The Chicago White Sox are an American professional baseball team based in Chicago, Illinois. The White Sox compete in Major League Baseball (MLB) as a member club of the American League (AL) Central division. Home games are held at Guaranteed Rate Field, located on the city's South Side, and the team is owned by Jerry Reinsdorf. They are one of two major league clubs in Chicago; the other is the Chicago Cubs, who are a member of the National League (NL) Central division.
One of the American League's eight charter franchises, the franchise was established as a major league baseball club in 1901. The club was originally called the Chicago White Stockings, but this was soon shortened to Chicago White Sox. The team originally played home games at South Side Park before moving to Comiskey Park in 1910, where they played until Guaranteed Rate Field (First named new Comiskey Park, then US Cellular Field) opened in 1991.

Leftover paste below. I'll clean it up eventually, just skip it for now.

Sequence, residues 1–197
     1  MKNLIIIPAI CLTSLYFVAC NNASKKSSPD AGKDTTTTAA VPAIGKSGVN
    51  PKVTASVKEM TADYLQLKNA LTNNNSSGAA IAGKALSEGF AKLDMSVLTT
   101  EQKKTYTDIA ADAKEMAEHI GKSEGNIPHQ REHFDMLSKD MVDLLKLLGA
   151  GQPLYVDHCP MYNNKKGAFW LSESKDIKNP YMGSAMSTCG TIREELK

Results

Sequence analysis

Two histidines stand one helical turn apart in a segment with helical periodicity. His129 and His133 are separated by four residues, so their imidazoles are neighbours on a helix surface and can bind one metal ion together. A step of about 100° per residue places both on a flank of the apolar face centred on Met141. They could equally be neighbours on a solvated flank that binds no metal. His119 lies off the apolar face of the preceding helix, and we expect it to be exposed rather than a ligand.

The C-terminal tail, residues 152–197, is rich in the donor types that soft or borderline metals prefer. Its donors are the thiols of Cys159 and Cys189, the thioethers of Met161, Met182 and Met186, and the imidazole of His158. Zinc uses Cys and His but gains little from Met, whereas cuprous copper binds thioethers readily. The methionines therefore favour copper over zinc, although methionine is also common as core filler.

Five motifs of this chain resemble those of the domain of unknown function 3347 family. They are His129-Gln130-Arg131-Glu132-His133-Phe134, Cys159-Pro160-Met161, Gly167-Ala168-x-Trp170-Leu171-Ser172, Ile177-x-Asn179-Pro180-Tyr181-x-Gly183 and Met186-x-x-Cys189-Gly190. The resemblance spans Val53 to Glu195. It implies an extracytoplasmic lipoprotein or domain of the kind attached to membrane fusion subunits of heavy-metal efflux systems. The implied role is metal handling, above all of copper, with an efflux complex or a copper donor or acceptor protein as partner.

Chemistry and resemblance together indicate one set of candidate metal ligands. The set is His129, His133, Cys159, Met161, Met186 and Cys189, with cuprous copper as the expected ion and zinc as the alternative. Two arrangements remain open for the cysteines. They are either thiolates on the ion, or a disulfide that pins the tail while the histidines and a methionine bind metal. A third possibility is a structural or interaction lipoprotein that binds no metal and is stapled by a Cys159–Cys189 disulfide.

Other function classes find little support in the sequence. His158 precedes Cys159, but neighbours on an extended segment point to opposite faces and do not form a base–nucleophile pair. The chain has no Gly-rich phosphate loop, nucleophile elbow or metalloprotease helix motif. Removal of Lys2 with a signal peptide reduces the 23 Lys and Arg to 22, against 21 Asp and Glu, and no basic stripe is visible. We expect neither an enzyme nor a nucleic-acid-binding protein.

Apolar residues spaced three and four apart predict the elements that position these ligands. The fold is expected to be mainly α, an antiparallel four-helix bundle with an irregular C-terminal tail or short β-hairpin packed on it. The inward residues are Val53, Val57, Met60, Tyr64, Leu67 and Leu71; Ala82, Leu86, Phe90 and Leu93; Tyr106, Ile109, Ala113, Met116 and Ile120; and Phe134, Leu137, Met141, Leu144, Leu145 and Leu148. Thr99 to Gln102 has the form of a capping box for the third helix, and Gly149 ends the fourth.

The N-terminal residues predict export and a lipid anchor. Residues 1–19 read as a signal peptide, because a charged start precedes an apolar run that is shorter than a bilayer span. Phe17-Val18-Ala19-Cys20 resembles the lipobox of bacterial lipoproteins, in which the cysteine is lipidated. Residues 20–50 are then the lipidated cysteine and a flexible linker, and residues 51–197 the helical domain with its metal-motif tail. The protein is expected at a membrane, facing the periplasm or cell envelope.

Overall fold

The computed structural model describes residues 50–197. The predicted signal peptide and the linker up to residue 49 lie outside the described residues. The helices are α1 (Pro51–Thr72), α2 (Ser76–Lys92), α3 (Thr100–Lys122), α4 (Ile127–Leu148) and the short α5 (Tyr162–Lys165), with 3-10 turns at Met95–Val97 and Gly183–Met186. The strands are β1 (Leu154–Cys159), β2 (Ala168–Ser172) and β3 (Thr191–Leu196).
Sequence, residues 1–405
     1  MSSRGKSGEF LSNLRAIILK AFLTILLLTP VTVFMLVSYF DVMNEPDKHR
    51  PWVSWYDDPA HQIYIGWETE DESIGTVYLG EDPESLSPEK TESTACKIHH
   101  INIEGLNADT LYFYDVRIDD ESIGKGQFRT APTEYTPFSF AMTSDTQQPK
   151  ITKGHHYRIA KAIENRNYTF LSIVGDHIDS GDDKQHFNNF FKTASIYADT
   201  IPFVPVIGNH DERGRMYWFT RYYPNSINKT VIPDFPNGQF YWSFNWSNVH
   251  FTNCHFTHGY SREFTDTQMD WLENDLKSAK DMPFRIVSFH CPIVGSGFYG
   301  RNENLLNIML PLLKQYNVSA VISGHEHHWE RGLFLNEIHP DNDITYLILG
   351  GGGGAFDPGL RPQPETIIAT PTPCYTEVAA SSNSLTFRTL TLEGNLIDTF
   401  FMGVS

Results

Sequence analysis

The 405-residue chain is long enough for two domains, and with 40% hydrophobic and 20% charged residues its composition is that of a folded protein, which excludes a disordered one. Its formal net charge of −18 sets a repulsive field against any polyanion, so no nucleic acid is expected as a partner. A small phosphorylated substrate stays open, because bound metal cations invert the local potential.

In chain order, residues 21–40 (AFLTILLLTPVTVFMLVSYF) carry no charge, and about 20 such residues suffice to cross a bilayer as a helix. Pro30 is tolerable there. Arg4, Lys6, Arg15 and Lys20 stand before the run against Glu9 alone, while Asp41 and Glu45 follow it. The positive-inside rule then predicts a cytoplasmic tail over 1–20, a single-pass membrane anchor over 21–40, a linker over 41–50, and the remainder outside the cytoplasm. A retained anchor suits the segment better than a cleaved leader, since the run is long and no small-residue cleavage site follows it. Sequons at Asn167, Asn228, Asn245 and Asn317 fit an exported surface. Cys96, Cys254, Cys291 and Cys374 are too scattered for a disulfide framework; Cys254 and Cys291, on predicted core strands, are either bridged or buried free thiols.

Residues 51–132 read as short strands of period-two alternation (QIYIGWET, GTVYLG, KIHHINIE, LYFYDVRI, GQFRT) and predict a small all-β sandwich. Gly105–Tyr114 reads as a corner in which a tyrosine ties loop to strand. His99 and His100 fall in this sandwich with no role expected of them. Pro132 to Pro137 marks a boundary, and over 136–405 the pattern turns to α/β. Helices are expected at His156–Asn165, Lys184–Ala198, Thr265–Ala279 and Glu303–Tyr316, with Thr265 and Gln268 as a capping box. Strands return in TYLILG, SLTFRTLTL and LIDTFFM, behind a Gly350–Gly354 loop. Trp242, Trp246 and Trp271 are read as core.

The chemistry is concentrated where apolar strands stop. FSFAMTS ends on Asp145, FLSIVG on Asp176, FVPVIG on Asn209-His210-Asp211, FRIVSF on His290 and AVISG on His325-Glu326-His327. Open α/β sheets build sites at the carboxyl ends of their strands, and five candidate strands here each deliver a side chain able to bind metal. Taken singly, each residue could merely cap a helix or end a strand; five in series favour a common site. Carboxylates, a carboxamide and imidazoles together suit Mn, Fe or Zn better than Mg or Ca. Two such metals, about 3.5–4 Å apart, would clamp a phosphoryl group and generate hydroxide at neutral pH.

The White Sox won the 1906 World Series with a defense-oriented team dubbed "the Hitless Wonders", and the 1917 World Series led by Eddie Cicotte, Eddie Collins, and Shoeless Joe Jackson. The 1919 World Series was marred by the Black Sox Scandal, in which several members of the White Sox were accused of conspiring with gamblers to fix games. In response, Major League Baseball's new Commissioner Kenesaw Mountain Landis banned the players from Major League Baseball for life. In 1959, led by Early Wynn, Nellie Fox, Luis Aparicio and manager Al López, the White Sox won the American League pennant. They won the AL pennant in 2005, and went on to win the World Series, led by Paul Konerko, Mark Buehrle, catcher A. J. Pierzynski, and the first Latino manager to win the World Series, Ozzie Guillén.